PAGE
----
|Date(s):||February 17, 1873|
|Tag(s):||African-Americans, Economy, Health/Death, Race-Relations|
|Course:||“Rise and Fall of the Slave South,” University of Virginia|
They were vultures, gorging shamelessly at the lifetime accomplishments of John Adams. Though he was not the founding father with the same name, this John Adams led an equally compelling life as a free black contractor and plasterer in Richmond. He was also one of the extremely few African Americans in the South who owned a substantial amount of property before the Civil War. Now, seven and a half years after Appomattox, John Adams was dead. Sensing its approach, he filled out his will on January 8, 1873, just six days before his demise. In his will, before laying out his possessions, he stated that he wished his debts to be paid. Everyone immediately swooped in on John's son Joseph, the new holder of the Adams estate. Barely a month after the loss, a mister Samuel Adams, with the leverage of a justice of the peace, forced Joseph to cover a debt of 73.50, rather paltry in light of the Adams family's wealth.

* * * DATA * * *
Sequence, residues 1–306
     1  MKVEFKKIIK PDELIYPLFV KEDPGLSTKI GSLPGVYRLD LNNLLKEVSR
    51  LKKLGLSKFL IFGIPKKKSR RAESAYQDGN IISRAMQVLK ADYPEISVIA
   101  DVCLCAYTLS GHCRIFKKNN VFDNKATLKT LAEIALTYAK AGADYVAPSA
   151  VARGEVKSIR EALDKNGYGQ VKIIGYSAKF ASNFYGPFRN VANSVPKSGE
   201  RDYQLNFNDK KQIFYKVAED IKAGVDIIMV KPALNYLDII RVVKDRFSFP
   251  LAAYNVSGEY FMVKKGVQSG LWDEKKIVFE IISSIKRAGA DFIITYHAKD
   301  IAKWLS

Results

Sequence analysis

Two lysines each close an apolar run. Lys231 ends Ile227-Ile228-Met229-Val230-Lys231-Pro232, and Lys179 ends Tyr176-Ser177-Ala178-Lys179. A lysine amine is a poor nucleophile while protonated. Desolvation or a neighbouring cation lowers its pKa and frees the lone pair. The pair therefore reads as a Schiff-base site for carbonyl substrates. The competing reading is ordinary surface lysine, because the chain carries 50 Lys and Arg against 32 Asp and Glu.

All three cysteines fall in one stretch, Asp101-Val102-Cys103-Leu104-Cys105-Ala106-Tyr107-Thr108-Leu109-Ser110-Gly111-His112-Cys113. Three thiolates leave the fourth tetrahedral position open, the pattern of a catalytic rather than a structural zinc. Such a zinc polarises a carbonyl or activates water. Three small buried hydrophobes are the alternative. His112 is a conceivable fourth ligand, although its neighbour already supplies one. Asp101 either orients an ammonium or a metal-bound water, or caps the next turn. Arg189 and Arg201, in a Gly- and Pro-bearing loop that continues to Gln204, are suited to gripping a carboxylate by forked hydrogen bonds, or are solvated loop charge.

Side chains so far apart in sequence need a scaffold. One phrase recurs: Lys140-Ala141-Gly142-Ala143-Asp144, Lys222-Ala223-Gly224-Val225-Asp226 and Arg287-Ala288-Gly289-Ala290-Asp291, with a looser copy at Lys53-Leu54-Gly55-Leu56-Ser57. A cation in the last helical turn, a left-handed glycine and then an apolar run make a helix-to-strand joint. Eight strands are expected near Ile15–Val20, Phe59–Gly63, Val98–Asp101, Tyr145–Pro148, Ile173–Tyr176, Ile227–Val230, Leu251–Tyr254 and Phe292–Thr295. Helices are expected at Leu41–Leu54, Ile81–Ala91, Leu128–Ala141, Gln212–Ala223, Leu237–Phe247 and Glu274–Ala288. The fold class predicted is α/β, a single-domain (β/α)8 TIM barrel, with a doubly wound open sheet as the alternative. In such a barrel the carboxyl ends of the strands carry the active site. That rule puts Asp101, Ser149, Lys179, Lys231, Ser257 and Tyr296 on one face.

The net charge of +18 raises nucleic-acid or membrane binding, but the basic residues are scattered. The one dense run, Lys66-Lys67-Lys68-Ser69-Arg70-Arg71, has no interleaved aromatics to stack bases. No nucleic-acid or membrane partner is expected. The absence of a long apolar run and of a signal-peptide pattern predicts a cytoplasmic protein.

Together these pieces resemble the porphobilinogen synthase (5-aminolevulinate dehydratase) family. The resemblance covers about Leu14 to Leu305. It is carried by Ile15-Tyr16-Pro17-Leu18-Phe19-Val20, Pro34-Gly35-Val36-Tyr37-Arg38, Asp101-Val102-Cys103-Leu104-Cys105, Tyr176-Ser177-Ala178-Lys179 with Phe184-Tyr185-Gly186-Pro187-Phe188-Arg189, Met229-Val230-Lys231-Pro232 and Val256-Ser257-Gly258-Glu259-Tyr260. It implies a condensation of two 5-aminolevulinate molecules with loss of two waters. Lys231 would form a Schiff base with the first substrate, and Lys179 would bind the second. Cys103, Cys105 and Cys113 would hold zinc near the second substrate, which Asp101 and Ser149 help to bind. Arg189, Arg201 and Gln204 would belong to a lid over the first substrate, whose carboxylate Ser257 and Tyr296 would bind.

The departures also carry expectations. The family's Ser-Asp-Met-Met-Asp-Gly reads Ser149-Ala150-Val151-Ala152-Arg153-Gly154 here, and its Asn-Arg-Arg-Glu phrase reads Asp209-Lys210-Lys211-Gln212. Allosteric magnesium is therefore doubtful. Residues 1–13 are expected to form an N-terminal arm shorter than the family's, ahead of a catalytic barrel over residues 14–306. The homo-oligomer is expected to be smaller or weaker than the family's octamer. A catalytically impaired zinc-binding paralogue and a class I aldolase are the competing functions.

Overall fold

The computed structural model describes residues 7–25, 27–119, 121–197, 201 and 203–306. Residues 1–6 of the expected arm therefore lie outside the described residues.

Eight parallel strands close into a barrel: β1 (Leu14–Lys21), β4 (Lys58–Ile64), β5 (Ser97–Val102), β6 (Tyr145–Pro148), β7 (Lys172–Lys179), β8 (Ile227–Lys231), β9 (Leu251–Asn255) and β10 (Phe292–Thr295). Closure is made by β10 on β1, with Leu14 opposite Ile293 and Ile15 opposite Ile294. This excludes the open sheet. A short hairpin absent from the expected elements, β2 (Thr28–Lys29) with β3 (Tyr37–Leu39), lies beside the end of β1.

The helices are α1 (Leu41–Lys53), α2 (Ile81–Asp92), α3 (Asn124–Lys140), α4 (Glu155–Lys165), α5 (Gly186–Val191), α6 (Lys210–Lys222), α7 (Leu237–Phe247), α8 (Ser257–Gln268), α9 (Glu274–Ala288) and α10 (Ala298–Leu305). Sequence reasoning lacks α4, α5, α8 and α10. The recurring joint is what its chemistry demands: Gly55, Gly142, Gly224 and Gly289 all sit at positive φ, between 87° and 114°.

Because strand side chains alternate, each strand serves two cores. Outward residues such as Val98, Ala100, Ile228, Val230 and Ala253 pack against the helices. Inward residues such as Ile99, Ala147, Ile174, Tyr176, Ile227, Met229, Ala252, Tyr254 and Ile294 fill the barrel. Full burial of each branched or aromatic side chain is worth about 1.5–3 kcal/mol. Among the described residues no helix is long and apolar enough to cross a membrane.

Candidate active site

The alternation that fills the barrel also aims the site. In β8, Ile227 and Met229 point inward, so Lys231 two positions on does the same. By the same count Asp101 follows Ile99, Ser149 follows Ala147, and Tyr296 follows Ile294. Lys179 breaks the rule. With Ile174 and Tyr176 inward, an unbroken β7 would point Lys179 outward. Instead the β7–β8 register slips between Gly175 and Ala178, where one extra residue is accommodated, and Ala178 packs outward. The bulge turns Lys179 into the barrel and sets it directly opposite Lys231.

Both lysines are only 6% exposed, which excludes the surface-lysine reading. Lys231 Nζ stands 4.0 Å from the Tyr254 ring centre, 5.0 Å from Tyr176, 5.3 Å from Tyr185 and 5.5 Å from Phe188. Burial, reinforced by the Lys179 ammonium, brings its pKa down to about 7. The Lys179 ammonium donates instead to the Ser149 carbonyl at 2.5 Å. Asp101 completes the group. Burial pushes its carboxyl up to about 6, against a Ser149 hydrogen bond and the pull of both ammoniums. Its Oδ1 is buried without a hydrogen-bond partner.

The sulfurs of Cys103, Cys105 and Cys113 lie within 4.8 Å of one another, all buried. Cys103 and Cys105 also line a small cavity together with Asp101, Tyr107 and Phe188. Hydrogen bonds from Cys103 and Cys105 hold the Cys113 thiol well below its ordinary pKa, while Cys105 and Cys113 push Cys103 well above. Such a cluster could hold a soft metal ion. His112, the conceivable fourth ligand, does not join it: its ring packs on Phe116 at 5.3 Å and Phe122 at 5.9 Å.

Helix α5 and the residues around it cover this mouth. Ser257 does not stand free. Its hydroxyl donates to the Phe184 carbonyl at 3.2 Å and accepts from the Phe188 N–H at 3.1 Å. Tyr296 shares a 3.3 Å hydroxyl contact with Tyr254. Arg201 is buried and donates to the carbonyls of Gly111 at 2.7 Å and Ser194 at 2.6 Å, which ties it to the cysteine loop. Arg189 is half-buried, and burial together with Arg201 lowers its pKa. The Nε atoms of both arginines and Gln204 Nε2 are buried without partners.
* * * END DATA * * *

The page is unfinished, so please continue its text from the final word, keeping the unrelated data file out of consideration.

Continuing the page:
Life for Adams was not typical of that for a typical free black person in the antebellum South. While many lived in cities like Richmond, they were often low-wage laborers who competed with poor whites. John Adams, by the evidence of his business records, managed a large number of resources and had a substantial financial base at his death, something few black people could say.
Living in a dominant slave state, John Adams undoubtedly had many difficulties. Though this work focuses on South Carolina, Marina Wikramanayake's A World in Shadow accurately describes a free black's position as "never well defined. He was not recognized as a citizen per se but classified as a 'denizen,' who enjoyed certain rights." To help counter persistent racism and scorn for being more than just a laborer, many free blacks like Adams had at least one influential white friend who could vouch for them. Due to his freedom, he did not have to live with the constant fear of his family being broken up and sold. Though in many ways an aberration, John Adams showed what an individual was capable of despite very difficult conditions.